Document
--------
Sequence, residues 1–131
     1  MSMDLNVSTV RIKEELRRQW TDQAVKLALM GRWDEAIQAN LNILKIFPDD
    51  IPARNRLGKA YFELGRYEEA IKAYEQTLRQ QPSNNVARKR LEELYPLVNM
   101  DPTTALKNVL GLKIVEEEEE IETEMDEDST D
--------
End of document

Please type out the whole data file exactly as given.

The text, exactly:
Sequence, residues 1–131
     1  MSMDLNVSTV RIKEELRRQW TDQAVKLALM GRWDEAIQAN LNILKIFPDD
    51  IPARNRLGKA YFELGRYEEA IKAYEQTLRQ QPSNNVARKR LEELYPLVNM
   101  DPTTALKNVL GLKIVEEEEE IETEMDEDST D